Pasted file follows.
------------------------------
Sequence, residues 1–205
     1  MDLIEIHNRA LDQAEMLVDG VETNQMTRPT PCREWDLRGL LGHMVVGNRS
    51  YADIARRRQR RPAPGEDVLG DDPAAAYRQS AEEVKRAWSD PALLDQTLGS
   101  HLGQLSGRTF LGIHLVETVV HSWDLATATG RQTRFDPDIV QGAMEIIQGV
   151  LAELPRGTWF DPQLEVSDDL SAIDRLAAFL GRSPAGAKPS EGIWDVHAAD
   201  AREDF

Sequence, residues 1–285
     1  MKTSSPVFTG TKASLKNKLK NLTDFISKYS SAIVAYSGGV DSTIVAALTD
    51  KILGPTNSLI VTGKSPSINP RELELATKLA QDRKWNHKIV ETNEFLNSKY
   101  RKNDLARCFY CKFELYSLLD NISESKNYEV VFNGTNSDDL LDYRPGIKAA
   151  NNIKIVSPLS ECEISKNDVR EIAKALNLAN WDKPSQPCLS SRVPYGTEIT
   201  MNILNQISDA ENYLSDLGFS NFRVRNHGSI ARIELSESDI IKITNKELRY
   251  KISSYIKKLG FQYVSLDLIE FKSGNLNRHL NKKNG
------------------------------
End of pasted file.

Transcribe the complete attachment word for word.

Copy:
Sequence, residues 1–205
     1  MDLIEIHNRA LDQAEMLVDG VETNQMTRPT PCREWDLRGL LGHMVVGNRS
    51  YADIARRRQR RPAPGEDVLG DDPAAAYRQS AEEVKRAWSD PALLDQTLGS
   101  HLGQLSGRTF LGIHLVETVV HSWDLATATG RQTRFDPDIV QGAMEIIQGV
   151  LAELPRGTWF DPQLEVSDDL SAIDRLAAFL GRSPAGAKPS EGIWDVHAAD
   201  AREDF

Sequence, residues 1–285
     1  MKTSSPVFTG TKASLKNKLK NLTDFISKYS SAIVAYSGGV DSTIVAALTD
    51  KILGPTNSLI VTGKSPSINP RELELATKLA QDRKWNHKIV ETNEFLNSKY
   101  RKNDLARCFY CKFELYSLLD NISESKNYEV VFNGTNSDDL LDYRPGIKAA
   151  NNIKIVSPLS ECEISKNDVR EIAKALNLAN WDKPSQPCLS SRVPYGTEIT
   201  MNILNQISDA ENYLSDLGFS NFRVRNHGSI ARIELSESDI IKITNKELRY
   251  KISSYIKKLG FQYVSLDLIE FKSGNLNRHL NKKNG